The Herald-Sun’s office will remain at the BB&T building.

Newspapers sometimes are acquired to be shut down and folded into another publication. When the Tampa Bay Times bought the Tampa Tribune on May 3, it combined the operations of the two newspapers and ceased publication of the Tribune the same day.

“That is not our plan,” Glines said. “We’re buying The Herald-Sun because of the presence it has in Durham and its relationship and its brand awareness and all of the ties it has to the local community. It’s in our best interest to do everything we can to further that.”

The goal is to have all operations transferred from Paxton to McClatchy within 90 days.

Instead of the Herald-Sun’s copy editing and design work being done at a Paxton hub in Owensboro, Ky., it will go to McClatchy News Desk East in Charlotte, one of three McClatchy hubs. It serves eight newspapers, and is expected to add The State of Columbia, S.C. and The Bradenton (Fla.) Herald next year. The quality of the design and copy editing of The Herald-Sun should improve with the move. When a desk is in another state, mistakes like the Shrine Bowl headline last weekend are more likely to happen.

The printing of The Herald-Sun will shift from the High Point Enterprise to McClatchy’s press facility in Garner. Glines said that The N&O wouldn’t necessarily get the preferred later press times and, thus, the later deadlines.

“We don’t do it by favored or not favored,” she said. “It’s really about how to be most efficient on the press run. I’m working with our production VP right now to try to figure that out. It will be how do we make both papers run off the press and hit the deadlines we need for delivery?”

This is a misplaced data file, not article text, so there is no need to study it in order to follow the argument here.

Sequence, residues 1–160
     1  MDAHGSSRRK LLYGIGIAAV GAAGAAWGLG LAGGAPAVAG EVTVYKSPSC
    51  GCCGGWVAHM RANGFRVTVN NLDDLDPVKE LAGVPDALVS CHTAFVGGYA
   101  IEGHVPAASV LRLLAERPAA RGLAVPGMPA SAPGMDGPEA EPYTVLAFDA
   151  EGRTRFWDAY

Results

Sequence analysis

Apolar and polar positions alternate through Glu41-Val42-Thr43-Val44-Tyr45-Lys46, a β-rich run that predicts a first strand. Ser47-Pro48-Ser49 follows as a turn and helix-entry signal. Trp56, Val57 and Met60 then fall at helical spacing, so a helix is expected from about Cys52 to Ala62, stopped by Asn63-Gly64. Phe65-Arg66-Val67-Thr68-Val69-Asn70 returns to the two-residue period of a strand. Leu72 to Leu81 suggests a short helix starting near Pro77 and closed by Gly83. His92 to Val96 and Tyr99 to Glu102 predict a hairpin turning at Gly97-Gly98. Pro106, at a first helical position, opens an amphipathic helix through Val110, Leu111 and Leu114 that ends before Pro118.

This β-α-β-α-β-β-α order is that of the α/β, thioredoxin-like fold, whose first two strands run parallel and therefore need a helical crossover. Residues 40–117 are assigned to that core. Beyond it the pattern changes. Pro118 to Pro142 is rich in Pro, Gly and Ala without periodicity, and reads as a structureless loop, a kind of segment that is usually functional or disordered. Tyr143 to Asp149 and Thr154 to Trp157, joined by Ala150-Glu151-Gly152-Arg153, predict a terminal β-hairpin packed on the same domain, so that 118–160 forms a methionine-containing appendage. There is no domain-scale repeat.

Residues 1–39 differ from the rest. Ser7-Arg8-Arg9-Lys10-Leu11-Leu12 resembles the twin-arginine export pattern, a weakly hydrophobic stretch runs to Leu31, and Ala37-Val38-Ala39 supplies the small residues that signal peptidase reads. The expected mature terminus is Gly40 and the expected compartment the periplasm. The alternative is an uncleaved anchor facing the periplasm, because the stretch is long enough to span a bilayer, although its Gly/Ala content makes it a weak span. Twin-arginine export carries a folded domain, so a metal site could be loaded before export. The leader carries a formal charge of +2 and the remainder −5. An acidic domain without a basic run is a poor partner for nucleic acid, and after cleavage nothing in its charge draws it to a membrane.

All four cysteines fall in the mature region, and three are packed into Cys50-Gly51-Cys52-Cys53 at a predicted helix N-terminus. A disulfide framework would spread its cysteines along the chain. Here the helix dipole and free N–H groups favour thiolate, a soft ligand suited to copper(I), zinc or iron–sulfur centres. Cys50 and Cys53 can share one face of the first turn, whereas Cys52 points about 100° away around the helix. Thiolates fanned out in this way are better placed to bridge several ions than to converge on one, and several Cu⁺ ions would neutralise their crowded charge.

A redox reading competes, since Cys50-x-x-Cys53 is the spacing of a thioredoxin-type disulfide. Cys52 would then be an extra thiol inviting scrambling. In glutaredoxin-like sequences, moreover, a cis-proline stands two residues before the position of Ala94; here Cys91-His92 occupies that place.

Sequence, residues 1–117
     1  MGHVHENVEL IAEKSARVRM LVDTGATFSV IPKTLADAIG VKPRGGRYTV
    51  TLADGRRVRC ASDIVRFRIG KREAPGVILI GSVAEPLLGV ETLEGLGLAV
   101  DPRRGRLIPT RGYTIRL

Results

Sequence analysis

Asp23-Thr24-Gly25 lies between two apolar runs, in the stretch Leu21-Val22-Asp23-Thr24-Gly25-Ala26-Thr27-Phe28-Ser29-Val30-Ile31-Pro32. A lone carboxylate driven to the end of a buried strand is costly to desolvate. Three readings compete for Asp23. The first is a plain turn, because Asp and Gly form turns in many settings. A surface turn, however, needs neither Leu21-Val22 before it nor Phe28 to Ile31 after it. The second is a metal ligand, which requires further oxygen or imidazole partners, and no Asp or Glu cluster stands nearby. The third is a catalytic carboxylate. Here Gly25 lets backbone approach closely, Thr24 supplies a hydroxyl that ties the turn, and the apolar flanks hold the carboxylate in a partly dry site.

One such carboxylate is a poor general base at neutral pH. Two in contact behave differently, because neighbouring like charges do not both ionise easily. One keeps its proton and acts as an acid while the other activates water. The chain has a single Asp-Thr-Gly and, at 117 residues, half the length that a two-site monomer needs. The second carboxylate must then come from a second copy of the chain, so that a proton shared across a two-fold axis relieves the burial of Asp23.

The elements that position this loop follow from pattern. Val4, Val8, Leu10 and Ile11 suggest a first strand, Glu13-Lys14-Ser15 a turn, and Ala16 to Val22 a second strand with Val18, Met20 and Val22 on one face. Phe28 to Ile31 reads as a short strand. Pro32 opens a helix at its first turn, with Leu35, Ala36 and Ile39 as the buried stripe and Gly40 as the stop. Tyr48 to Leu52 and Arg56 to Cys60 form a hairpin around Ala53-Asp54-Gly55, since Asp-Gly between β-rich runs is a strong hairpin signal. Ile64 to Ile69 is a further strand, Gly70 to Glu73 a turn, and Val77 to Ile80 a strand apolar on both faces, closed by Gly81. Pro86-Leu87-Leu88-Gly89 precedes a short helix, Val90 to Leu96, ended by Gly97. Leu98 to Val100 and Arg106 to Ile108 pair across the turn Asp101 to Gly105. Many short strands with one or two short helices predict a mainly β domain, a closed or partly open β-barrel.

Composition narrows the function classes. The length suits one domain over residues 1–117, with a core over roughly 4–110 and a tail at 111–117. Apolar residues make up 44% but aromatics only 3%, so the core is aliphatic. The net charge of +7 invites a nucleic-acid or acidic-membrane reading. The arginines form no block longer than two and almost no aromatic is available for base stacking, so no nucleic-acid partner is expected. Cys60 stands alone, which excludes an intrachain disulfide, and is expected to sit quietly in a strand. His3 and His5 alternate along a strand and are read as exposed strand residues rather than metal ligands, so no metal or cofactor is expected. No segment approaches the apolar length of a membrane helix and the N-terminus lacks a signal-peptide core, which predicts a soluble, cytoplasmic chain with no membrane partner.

The addition of The Herald-Sun boosts the newspaper total for the Sacramento, Calif.,-based McClatchy chain to 30, including seven in the Carolinas.

“We’re happy to be able to able to expand the McClatchy organization a little bit right now,” Glines said. “I think that’s a sign that McClatchy is doing the right things and in a good place as a company.”

Glines expects that The N&O and The Herald-Sun will share stories.

“I would hope so. I think that’s part of the opportunity,” she said.

The N&O and The Charlotte Observer, since McClatchy owns both, share stories and don’t duplicate many beats. In sports, the only writing position duplicated is columnist. The Charlotte Observer uses stories written by the N&O’s ACC beat writers and The N&O runs Carolina Panthers stories Charlotte’s two Panthers beat writers produce.

Unlike The N&O, The Herald-Sun has an N.C. Central beat writer (Jonas Pope IV). The N&O has an N.C. State beat writer (Joe Giglio), which The Herald-Sun hasn’t had since 2005. But both newspapers have a UNC beat writer (Andrew Carter for Raleigh and John McCann for Durham) and a Duke beat writer (Jessika Morgan for Raleigh and Sports Editor Steve Wiseman for Durham).

The N&O generally only covers the Durham Bulls on Opening Day or during the playoffs. But The Herald-Sun covers every home game, although it doesn’t have a dedicated beat writer.

It seems likely that some sports writers will either be reassigned or laid off. The same potential is there for news reporters covering Durham County and Orange County and other beats that the respective newspapers duplicate.